Case Study: Evaluation of an Oxidative Biocide During and After a Hydraulic Fracturing Job in the Marcellus Shale
- Shawn M. Rimassa (BASF Oilfield and Mining) | Paul R. Howard (Schlumberger) | Bruce MacKay (Schlumberger) | Kristel Arrington Blow (Schlumberger) | Noel Coffman (Schlumberger)
- Document ID
- Society of Petroleum Engineers
- SPE International Symposium on Oilfield Chemistry, 11-13 April, The Woodlands, Texas, USA
- Publication Date
- Document Type
- Conference Paper
- 2011. Society of Petroleum Engineers
- 4.3.4 Scale, 3.2.3 Hydraulic Fracturing Design, Implementation and Optimisation, 1.8 Formation Damage, 3 Production and Well Operations, 2.5.2 Fracturing Materials (Fluids, Proppant), 5.4.10 Microbial Methods, 4.2.3 Materials and Corrosion, 3.4.5 Bacterial Contamination and Control, 4.1.9 Tanks and storage systems, 4.1.5 Processing Equipment, 5.8.2 Shale Gas, 4.2 Pipelines, Flowlines and Risers, 4.1.2 Separation and Treating, 4.3.1 Hydrates
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Effective microbiological control is an important aspect of a successfully executed fracturing job. Control of bacterial growth is often accomplished through the use of biocides such as glutaraldehyde, particularly in the multi-stage, high-volume fracturing of unconventional shale gas reservoirs. Biocidal additives, which are toxic by necessity, can persist in flowback water, so their use in shale fracturing has come under increasing scrutiny since high biocide concentrations in flowback water increase fluid cost and limit the options for disposal. The case for designing a bactericide program to match, and not exceed, the required amount of bacterial control is clear, but rarely is the bacterial load determined during and after the job to verify this balance.
Herein, we report a case study undertaken to evaluate the bacterial load of field mix water and flowback water during and after a large hydraulic fracturing job in the Marcellus Shale. A novel oxidative biocide product was used during the fracturing job that has both an effective fast kill and a low toxicity profile (e.g. HMIS rating of 1,0,0). Because of its rapid biodegradability, there was concern that the effective kill of this biocide would not persist beyond a few days. Industry standard techniques (NACE Std. TMO194-94) for quantifying bacteria were applied to water samples taken during the job and over several weeks of production. The biocide was also evaluated for compatibility with common fracturing additives and for its corrosivity to surface equipment and tubular goods.
This study determines that the new biocide does not persist in flowback water beyond a few days. However, analysis of flowback water samples reveals that the bacteria count stays low (less than 10 cells/mL) for up to 81 days after application of this biocide in a slickwater fluid. Additionally, genetic fingerprinting using Denaturing Gradient Gel Electrophoresis Analysis (DGGE) was applied to the bacteria in the initial field mix water to allow comparison to any bacteria detected in the flowback samples. This paper will describe the details of this case study.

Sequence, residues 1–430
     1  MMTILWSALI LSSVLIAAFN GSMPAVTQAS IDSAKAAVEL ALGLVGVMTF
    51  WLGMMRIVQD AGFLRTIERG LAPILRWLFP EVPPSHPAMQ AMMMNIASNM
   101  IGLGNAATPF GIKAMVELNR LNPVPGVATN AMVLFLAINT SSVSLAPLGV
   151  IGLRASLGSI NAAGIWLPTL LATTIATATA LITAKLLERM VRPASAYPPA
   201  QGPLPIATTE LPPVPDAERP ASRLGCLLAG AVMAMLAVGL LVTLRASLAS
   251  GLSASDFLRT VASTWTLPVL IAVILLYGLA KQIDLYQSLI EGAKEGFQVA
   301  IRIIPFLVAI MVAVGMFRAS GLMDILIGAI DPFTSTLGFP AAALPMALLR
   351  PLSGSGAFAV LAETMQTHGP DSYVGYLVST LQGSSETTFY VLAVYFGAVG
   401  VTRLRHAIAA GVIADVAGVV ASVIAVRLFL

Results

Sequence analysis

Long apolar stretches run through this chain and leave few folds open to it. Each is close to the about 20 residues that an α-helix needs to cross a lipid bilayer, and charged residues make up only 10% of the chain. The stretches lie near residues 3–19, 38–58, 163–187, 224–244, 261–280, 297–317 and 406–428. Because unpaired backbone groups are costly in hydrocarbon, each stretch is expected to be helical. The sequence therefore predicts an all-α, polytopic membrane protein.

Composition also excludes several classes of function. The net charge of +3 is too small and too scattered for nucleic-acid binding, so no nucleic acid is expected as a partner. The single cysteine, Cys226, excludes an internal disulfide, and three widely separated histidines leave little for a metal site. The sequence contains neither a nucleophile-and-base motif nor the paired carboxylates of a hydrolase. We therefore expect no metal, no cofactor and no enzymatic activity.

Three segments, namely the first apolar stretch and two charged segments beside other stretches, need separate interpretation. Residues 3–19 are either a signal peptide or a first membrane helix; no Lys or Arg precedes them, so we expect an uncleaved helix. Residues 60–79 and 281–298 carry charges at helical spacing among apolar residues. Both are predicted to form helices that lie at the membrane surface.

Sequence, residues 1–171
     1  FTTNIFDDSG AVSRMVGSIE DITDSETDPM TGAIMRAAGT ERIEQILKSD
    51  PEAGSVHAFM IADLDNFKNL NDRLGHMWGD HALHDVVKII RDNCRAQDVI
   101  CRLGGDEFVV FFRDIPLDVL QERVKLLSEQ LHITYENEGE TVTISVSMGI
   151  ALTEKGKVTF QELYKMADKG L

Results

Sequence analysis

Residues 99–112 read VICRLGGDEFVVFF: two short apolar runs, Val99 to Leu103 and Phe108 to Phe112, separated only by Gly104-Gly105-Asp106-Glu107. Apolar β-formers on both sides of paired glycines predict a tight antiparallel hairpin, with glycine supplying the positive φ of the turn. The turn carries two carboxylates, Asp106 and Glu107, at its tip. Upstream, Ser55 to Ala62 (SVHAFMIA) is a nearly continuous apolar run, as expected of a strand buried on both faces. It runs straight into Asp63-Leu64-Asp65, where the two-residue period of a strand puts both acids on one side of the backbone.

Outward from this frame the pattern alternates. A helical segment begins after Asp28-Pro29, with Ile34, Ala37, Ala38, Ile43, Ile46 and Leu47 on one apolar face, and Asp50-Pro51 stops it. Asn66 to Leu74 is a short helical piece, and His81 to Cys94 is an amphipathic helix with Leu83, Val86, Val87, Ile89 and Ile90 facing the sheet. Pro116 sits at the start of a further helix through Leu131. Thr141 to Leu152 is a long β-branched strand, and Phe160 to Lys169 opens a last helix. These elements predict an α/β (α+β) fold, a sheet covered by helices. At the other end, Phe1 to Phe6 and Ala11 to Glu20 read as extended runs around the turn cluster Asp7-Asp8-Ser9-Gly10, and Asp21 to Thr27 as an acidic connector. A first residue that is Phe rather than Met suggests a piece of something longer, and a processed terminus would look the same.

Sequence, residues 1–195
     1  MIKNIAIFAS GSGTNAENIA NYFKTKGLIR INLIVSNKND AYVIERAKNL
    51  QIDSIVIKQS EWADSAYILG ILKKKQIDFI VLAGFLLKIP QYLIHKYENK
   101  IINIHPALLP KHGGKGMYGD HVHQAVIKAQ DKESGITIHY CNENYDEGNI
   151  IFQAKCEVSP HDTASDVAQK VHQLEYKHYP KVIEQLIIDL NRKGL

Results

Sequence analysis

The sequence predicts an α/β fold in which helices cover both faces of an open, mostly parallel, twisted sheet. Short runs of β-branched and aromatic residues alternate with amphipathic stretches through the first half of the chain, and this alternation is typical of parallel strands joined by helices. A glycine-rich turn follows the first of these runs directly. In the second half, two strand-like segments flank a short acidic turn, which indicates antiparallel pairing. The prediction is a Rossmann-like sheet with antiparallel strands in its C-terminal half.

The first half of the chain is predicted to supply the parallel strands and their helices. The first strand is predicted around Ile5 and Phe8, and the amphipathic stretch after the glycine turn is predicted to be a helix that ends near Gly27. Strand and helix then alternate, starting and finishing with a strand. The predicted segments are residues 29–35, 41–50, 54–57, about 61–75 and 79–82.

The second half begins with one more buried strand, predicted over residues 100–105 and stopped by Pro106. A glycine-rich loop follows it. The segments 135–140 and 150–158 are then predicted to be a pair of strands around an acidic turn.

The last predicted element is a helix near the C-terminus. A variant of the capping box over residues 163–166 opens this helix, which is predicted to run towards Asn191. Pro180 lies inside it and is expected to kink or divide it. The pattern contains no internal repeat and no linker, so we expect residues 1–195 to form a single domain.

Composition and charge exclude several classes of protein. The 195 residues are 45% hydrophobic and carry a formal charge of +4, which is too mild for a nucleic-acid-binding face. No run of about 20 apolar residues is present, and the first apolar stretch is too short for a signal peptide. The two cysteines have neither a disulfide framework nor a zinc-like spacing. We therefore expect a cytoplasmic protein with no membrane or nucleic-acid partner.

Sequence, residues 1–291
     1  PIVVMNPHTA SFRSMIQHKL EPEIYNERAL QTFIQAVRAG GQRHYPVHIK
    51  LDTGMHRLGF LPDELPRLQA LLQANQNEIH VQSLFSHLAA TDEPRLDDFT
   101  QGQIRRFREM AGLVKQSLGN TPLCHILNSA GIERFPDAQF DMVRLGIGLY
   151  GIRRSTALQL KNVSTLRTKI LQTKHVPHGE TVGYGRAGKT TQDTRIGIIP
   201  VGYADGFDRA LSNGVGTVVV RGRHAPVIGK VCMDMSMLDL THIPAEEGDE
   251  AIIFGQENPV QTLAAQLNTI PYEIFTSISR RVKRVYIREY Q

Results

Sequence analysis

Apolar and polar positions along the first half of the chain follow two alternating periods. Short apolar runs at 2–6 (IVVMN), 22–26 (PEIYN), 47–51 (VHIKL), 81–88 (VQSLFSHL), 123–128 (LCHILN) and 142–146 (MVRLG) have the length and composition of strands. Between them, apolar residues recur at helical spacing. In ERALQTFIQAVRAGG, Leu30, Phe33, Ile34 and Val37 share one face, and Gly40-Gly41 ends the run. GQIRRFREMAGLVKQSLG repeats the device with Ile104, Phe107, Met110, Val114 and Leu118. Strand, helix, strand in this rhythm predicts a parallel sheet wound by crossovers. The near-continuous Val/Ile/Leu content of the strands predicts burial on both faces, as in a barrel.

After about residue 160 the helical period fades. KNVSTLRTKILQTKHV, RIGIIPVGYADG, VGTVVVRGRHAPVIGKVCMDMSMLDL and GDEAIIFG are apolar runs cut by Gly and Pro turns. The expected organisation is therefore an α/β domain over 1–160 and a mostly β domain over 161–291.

Since the completion of this case study, we have successfully deployed this technology on treatments in the Barnett, Haynesville, Marcellus, and Granite Wash shale regions. This paper reveals details of a field test and of the efficacy of this biocide as tested in flowback waters from the Piceance and Marcellus Shale basin. The results of the bacteria enumerated from each job site sample are presented. Finally, dosage requirements for biocidal efficacy were optimized for slickwater hydraulic fracturing applications are described.
Control of microbial growth is an essential consideration in the design of fracturing fluids. (Brandon, et al., 1995) Because of their ability to rapidly degrade biopolymers such as guar, bacterial enzymes can seriously affect the rheology of traditional gels. Slickwater fracturing fluids, where viscosity is not critical and the (typically synthetic) drag-reducing polymers are unaffected by bacterial enzymes, also require a biocide strategy to prevent well damage. The re-use of produced water (PW) in slickwater campaigns raises the risk of introducing anaerobic bacteria to the well, because PW is generally less oxygenated (Seright, et al., 2009) and is often rich with inorganic nutrients. Acid-producing bacteria (APB), and sulfate-reducing bacteria (SRB) can cause problematic localized corrosion to completions and tubular goods. (Nemati and Voordouw, 2000) The latter can also be responsible for well souring and iron sulfide precipitation in the low-oxygen wellbore environment. (Carpenter and Nalepa, 2005) These and other general heterotrophic bacteria (GHB) can form biofilms that damage proppant packs and impair production flow, and can be problematic for surface equipment and even pipelines. (Bottero, et al., 2010).
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